Though Hume was a notorious atheist, Dialogues Concerning Natural Religion has a strong fideist bent to it. Fideism has been a popular position in the philosophy of religion. It claims that religious belief cannot be based on reason, but must be based instead on faith. According to fideism, therefore, the first fundamental step toward Christianity is skepticism: it is not until we undermine our trust in the power of reason, that we can come to worship God in the proper way, by opening ourselves up to revelation. In the context of the Dialogues fideism can be thought of as the opposite of empirical theism.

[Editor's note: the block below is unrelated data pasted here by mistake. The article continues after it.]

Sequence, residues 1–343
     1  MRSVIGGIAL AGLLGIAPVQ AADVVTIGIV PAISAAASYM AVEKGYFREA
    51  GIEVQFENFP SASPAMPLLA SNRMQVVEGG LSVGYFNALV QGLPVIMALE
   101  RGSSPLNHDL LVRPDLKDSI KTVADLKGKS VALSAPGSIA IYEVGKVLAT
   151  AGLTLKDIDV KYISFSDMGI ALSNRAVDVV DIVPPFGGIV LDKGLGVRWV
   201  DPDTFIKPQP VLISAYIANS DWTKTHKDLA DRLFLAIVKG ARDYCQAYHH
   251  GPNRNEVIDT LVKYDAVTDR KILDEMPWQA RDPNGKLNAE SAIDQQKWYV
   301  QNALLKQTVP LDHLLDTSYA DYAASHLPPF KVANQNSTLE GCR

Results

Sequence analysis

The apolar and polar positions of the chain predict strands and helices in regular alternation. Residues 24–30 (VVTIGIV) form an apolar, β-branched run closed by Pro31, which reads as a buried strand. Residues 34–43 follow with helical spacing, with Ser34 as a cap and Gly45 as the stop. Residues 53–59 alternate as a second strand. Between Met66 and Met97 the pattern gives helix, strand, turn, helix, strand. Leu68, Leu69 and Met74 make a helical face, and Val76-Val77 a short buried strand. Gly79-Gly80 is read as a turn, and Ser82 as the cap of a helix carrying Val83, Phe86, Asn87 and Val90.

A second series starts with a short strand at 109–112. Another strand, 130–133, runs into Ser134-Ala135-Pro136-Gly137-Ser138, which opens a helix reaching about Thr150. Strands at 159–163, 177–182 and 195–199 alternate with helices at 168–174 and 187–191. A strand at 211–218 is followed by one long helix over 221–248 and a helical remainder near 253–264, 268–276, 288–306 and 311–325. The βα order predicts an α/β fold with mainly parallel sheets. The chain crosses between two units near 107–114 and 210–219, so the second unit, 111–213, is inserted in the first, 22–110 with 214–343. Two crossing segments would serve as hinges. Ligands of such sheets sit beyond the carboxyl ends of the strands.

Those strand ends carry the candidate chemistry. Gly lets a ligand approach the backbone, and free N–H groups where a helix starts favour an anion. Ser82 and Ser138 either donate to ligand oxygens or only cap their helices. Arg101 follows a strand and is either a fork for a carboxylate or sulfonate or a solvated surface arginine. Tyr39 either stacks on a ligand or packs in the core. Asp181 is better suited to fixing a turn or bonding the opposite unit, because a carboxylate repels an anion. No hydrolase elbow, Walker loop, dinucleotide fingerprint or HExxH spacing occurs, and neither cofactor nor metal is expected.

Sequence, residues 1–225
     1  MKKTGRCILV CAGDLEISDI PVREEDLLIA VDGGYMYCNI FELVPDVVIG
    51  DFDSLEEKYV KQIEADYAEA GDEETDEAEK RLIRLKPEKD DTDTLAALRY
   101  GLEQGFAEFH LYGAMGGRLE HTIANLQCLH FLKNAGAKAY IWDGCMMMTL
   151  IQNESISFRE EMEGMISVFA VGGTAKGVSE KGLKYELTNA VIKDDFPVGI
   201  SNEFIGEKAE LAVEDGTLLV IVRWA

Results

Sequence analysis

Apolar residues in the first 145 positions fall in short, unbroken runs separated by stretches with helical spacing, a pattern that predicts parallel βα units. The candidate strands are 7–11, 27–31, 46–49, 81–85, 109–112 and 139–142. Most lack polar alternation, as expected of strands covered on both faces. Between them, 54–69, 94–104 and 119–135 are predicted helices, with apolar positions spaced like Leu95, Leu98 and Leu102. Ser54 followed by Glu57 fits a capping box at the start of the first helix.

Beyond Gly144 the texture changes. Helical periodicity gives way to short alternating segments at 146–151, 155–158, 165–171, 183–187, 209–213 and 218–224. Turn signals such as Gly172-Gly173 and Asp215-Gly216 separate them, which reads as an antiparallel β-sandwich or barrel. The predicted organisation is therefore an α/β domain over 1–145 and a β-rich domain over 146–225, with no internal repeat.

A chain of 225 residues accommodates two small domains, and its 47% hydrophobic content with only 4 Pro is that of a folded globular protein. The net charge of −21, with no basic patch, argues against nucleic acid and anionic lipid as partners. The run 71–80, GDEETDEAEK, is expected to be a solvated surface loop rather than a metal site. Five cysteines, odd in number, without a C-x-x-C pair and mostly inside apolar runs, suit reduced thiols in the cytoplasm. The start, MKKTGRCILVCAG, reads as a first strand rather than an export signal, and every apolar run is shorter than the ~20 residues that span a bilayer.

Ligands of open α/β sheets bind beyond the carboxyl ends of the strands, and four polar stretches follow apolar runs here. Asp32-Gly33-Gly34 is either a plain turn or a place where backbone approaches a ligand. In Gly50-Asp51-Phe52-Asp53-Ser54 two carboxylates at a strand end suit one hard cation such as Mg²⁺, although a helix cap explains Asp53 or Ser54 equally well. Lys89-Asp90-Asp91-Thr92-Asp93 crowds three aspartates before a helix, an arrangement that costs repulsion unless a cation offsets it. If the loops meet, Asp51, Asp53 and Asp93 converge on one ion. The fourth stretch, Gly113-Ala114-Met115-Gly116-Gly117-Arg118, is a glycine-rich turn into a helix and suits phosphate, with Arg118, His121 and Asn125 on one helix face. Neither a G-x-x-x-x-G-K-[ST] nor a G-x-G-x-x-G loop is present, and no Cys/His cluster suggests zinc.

The fideist position is best represented in the Dialogues by the character of Demea. Demea is an orthodox Christian, who believes that God cannot be comprehended or understood at all, much less through reason. But the skeptical Philo also adopts a fideist position, particularly in the last chapter of the book. Whether this means that Hume himself was sympathetic to fideism has been a huge topic of debate among scholars ever since the book was first published.